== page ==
The LDS bride and groom’s first dance is one of the sweetest moments of the wedding reception. It is symbolic of the new life you’re starting together, so it’s important to do it right.
Traditionally, the bride and groom first dance happens right after dinner is served to warm up the dance floor for the guests. If you aren’t serving dinner, the first dance is held soon after the bride and groom’s entrance to the reception.
Choosing a first dance song is more complicated than it might at first appear. Before you…read more
Depending on the schedule of events during your reception, you’ll probably need an hour to an hour and a half of background dinner music during your wedding reception.
Music should be played softly so that guests can comfortably talk over the music and aren’t encouraged to hit the dance floor just yet. Lyrics don’t need to be especially “wedding-y” since they probably won’t be heard or noticed, but screen potential songs for profanity just in case.
The most typical genres for dinner music are easy listening and jazz, but that doesn’t mean you can’t choose current pop music if you do it right. Instrumental music like acoustic guitar or piano works, too.
While the wedding party is taking the last of their pictures or finishing up greeting guests in the reception line, what will be happening inside the reception venue? Sitting in silence in a mood-killer for any party, including your wedding reception!
Though they probably won’t realize they’re doing it, your guests are going to be listening to the reception prelude music to decide what kind of reception this is going to be. Will it be very formal and traditional? Very funky and offbeat? A lot of fast dancing or slow songs?
If you are being married outdoors, in your local chapel, or some other venue, you’ll be responsible for choosing your own LDS wedding songs. Get ideas for all the music you’ll need during your ceremony here, whether you’re having a traditional ceremony or something fun and unconventional. (If you are being married in the temple, there will be no music during the ceremony – you can skip to choosing the music for your wedding reception.)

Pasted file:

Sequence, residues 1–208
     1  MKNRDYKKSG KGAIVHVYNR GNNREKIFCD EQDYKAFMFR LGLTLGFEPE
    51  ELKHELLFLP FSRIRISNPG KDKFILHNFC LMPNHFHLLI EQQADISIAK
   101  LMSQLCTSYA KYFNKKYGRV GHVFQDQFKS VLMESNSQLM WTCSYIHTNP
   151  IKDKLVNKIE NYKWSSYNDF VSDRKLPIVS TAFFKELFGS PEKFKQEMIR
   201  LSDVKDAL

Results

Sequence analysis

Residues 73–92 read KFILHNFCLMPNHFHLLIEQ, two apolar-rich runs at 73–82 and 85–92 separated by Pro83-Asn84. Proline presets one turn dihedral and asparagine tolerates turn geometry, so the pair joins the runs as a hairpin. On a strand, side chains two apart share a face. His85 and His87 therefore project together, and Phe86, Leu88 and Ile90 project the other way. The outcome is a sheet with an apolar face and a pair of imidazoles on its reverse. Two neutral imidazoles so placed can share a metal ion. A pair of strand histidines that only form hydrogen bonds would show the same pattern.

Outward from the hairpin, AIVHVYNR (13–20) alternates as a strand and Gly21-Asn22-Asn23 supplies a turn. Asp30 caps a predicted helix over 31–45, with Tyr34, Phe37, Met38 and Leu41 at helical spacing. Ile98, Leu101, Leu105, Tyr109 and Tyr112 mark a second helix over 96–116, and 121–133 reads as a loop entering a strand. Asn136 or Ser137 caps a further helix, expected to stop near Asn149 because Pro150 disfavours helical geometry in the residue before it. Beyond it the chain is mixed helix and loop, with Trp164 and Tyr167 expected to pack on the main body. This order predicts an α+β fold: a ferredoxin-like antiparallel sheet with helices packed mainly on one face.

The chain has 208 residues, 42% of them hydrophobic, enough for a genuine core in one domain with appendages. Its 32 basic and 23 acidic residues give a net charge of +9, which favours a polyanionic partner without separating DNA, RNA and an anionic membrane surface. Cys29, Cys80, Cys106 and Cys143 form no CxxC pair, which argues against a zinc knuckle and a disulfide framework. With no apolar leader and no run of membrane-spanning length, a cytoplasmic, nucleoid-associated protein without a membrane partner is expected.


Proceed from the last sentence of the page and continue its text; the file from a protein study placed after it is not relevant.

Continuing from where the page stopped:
Before the ceremony begins, your guests will be seated and waiting. Music sets the stage for the ceremony to come, so this might be the most important…read more
When you get down to the nitty gritty details of your wedding reception music, it helps to have a list on hand to make sure you’ve covered everything. Use this article as a guide to draw up your own list of the kinds of music you need for your reception, and make sure to give a copy to your DJ, too.
When guests begin to arrive at the reception, it’s nice for them to have something to listen to. Simple instrumental music without words can set the tone for your reception nicely, especially if you’re having a theme wedding.
Of course you need to pick the right DJ if you want your wedding reception to be a true success, but you also need to know how to communicate with him effectively to get exactly what you want.
First, draw up a contract. Or carefully inspect the contract from your DJ if they have one. A good contract should spell out all the details (date, time, and location of the reception) and outline the exact services the DJ will provide and the number of hours of service. The deposit and remaining balance should be clearly specified. Other fine print issues the contract should deal with…read more
The music you play (and the D.J. you hire to play it) will make all the difference at your wedding reception, so it’s important to know what to look for. There are many different types of wedding disc jockeys, and you want to pick the right one for your reception.
You should book your wedding D.J. 6 months in advance of the wedding. Most event D.J.s will offer itemized wedding “packages” that list exactly what is included and the number of hours of music provided.
Any good professional D.J. will have an online presence, so start your search on the Internet. A professional looking, well-maintained website is what you’re looking for. Also check…read more
Aside from the lighting, the music you play is the biggest determinant in the overall mood of your wedding reception. Your important wedding music decisions include what to play, when to play it, and whether to hire a DJ, a live band, or do it yourself.
Music is an effective, inexpensive way to create a mood. Whether you want your reception to be elegant, upbeat, romantic, fun, or serious – playing the right music is vital to its success. Classic, very formal weddings can’t go wrong with the likes of Harry Connick, Jr. and Frank Sinatra. But more casual, playful weddings can play more unconventional songs like recent pop, alternative, and punk titles and pull it off beautifully.
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